Vienna Inner Stadt: Historical Landmarks That Tell Stories

Vienna Inner Stadt: Historical Landmarks That Tell Stories
Zoran
Zoran 
Updated

Getting around Vienna’s Innere Stadt (Inner City) is the best way to perceive cultural, architectural and historical developments of the city that influenced Europe in numerous ways. The legacy of the former capital of several empires, which had authority over great parts of Europe, and the birthplace of waltz is mostly preserved in its original form and can be found within and around the Innere Stadt.

The origins of this old town began from the early centuries of the last millennium, stretching all the way to the 19th century; its well-preserved status reveals the result of a long period of Vienna’s stability and prosperity. For a visual feast on magnificent historical architecture, read on for the top five attractions in the Innere Stadt!

St. Stephen Cathedral featuring unique blends of architectural style!

Northern half Gothic, half Renaissance tower and Steffl (southern tower) behind

Famous Viennese St. Stephen Cathedral, or the Stephansdom, is a Gothic masterpiece, combining elements of the initial Romanesque church (main entrance to the cathedral) and Renaissance (the unfinished Gothic north tower). Its southern tower, Steffl, with spires and highly elaborated details, dominates the skyline. The interior features the Gothic simplicity and Baroque works of art.

Relive the triumph of overcoming plague in a shopping street!

Plague Column, Graben

The shopping street of Graben features a monument dedicated to a dramatic period of Vienna’s history – the outbreak of plague in 1679. This Baroque monument symbolizes triumph of the Faith over the plague, which is illustrated by an old woman, and was erected as a fulfilment of the King Leopold I’s oath (a kneeling man) to devote a monument as a token of gratitude once the plague was defeated.

St. Peter’s Church: Do not judge a book by its cover!

Peterskirche

Nearby, Peterskirche (St. Peter’s Church) features a somewhat unusual concave facade, whose rather plain exterior widely differs from its rich interior. Dominating features of the exterior are the dome and two flanking towers, which illustrate Turkish tents from the unsuccessful siege of 1683. From the inside, the Baroque church appears larger than it really is. It boasts eye-catching decoration and top-notch acoustics.

Don’t miss the dominant features of Hofburg Palace!

Michaelertrakt, Hofburg

The imposing Hofburg Palace is another iconic Vienna’s structure, an embodiment of the imperial history of the city. Overtaken by the first Hapsburg ruler, Rudolf I, from Ottokar II of Bohemia as a fortress in 1276, the Hofburg witnessed numerous extensions in various styles until the 20th century.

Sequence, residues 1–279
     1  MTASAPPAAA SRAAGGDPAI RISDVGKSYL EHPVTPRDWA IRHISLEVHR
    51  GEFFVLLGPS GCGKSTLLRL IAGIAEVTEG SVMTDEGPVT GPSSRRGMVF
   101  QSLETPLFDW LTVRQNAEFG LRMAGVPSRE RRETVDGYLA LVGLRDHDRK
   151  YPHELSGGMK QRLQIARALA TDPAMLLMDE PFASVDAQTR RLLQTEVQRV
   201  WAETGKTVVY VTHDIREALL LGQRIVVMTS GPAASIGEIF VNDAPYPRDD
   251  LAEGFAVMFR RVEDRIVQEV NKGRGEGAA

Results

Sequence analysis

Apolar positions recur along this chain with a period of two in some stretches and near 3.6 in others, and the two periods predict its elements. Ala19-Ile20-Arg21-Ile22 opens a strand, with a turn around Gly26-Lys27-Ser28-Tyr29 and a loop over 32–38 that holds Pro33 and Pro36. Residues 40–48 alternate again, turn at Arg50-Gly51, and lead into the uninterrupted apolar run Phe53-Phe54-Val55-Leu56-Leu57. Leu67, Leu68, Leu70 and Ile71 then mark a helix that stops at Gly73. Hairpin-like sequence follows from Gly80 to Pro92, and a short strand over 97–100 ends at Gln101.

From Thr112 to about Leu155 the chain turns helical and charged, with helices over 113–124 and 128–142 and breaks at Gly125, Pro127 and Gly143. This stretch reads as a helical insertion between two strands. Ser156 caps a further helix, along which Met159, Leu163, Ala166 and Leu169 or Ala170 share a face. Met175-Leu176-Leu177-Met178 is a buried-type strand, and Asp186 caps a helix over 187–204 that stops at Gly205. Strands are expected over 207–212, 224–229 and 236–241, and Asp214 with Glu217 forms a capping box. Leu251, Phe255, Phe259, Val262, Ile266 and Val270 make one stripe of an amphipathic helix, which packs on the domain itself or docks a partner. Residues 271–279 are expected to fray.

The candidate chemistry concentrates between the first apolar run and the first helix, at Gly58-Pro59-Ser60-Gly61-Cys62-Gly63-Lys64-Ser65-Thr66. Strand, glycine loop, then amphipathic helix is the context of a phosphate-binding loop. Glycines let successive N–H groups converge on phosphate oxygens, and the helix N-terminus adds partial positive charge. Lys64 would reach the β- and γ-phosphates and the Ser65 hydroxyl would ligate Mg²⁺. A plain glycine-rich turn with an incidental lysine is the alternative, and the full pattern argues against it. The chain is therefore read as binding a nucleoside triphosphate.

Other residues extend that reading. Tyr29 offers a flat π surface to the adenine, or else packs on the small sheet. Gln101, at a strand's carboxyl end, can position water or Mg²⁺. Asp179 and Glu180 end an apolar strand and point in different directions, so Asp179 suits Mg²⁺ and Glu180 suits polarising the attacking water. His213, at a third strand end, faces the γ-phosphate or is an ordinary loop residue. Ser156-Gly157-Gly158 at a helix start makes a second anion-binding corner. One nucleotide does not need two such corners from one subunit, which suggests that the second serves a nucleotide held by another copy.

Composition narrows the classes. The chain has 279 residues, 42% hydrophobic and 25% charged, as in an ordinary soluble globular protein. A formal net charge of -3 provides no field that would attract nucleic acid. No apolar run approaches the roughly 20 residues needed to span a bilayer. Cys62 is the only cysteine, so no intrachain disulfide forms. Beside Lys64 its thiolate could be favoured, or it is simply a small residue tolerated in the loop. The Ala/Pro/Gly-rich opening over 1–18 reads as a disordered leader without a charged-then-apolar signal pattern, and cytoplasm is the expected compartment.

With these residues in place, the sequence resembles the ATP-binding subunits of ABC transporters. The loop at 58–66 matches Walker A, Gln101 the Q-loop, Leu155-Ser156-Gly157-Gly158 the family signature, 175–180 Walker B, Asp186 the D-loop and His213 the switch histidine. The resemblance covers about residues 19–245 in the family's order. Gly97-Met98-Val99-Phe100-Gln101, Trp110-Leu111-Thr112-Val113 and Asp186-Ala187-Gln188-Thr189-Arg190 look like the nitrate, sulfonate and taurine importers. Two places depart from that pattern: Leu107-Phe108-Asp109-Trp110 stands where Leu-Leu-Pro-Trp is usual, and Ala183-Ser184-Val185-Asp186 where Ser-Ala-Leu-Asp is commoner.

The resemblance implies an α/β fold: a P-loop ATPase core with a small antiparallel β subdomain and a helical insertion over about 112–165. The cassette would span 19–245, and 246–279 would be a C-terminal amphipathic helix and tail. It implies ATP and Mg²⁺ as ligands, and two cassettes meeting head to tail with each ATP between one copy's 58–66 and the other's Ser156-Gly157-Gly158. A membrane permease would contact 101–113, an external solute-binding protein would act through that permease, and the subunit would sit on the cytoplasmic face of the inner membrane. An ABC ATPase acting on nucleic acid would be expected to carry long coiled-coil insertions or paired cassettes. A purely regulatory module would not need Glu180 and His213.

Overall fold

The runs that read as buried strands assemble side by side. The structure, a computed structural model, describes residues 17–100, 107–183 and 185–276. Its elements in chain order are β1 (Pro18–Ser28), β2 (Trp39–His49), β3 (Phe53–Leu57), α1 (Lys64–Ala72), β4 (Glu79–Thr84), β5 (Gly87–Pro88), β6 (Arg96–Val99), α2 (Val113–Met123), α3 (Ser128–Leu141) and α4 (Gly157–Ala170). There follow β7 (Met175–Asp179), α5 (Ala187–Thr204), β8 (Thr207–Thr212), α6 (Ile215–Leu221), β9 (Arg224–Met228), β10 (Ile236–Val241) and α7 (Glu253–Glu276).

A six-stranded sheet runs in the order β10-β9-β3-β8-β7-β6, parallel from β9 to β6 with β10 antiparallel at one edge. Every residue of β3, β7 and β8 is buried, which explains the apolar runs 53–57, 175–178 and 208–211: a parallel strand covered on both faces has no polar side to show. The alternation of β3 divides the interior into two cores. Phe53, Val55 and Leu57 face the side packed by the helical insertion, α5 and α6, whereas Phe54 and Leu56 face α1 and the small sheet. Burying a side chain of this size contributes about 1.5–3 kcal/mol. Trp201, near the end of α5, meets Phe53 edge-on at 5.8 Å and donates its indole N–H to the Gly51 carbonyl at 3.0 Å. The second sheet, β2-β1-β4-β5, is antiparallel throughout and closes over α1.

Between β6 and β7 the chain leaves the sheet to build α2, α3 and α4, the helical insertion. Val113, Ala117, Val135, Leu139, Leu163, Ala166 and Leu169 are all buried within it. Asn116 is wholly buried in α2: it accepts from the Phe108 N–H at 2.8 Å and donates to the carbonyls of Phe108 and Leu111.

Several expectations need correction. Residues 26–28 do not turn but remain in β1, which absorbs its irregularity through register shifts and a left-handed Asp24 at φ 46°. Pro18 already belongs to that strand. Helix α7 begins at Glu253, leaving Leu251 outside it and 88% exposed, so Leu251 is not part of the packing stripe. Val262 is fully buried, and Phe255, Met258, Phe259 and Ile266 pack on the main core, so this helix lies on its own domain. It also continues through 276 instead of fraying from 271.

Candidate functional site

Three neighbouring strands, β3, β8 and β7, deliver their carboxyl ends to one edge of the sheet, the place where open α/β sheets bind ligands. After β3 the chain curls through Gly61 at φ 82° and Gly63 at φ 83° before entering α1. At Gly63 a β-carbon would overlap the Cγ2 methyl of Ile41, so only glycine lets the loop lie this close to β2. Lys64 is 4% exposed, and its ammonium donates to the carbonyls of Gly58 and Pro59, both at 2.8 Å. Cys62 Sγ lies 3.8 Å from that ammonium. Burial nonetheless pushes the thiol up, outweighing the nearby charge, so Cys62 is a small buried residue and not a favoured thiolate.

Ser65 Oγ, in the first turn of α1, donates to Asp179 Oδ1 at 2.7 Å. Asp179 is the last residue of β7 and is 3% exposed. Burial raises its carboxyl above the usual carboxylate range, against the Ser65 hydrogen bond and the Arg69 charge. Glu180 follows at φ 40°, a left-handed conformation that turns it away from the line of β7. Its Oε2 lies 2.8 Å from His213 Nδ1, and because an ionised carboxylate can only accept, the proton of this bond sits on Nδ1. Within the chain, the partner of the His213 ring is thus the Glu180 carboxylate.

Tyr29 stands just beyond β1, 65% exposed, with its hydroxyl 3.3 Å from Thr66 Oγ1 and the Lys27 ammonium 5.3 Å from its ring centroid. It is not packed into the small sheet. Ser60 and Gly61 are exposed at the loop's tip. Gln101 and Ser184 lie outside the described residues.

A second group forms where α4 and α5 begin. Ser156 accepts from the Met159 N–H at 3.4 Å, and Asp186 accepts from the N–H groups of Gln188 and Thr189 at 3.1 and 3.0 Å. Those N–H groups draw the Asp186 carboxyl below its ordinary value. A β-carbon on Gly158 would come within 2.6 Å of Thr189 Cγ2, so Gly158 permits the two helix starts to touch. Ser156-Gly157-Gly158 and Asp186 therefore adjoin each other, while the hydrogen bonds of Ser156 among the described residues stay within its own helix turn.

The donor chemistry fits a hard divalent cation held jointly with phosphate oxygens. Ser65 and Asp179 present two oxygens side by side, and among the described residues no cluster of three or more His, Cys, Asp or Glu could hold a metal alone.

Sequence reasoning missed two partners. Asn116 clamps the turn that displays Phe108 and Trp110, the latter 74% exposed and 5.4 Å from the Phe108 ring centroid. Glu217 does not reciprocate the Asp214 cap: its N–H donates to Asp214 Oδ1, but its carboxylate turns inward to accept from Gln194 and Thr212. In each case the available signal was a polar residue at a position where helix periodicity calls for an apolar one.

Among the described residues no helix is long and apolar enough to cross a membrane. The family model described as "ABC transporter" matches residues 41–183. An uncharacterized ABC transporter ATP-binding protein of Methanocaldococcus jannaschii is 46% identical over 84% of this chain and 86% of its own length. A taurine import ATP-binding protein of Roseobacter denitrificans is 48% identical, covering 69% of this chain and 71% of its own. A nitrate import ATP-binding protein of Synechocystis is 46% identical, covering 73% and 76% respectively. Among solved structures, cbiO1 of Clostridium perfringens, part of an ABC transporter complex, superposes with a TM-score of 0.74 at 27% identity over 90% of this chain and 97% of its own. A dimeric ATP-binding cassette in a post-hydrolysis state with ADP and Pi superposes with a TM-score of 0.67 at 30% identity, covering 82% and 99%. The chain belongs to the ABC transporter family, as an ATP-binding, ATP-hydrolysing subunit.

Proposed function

The semicircular Neue Burg (from the Heldenplatz) and Michaelertrakt (Michaelerplatz) structures, the latter crowned by the turquoise dome, with various architectural details and allegorical sculptures, are the most dominating features of the Imperial residence. There are also diverse museums, illustrating everyday life of the residents and showcasing their various personal items and symbols of power. From the Neue Burg’s balcony, Hitler proclaimed the annexation of Austria by Germany in 1938.

Salute to two outstanding military personalities at the front of Neue Burg!

The "Scourge of the Turks" in front of the Neue Burg (Hofburg)

In addition, you can find other surprises such as the Michaelerkirche (St. Michael’s church) featuring different architectural styles, the Winter Riding School (within the Hofburg complex), a greenhouse with butterflies, and monuments to Goethe, Mozart and Franz Joseph I.

The Heldenplatz, a former parade ground flanking the Neue Burg, is dominated by two equestrian statues, representing two outstanding military personalities. The one closer to the Neue Burg illustrates Eugene de Savoy, the “Scourge of the Turks“, while the other honours Archduke Charles, the military reformer and one of a very few commanders who managed to defeat Napoleon Bonaparte (Asperin, 1809).

Vienna is filled With history

The above-mentioned attractions are concentrated in the pedestrian zone of the Innere Stadt, within close proximity from one another. Half a day should be more than enough to visit them properly, even with a pause for shopping. If you are planning to visit the museums within the Hofburg, try to allocate a full day for sufficient time to appreciate the aged beauty and history of this old town.

Disclosure: Trip101 selects the listings in our articles independently. Some of the listings in this article contain affiliate links.

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In my writing career, I’ve been researching and writing about various world destinations and travel companies, including cities, regions, specific countries and cruising companies. Besides writing...Read more

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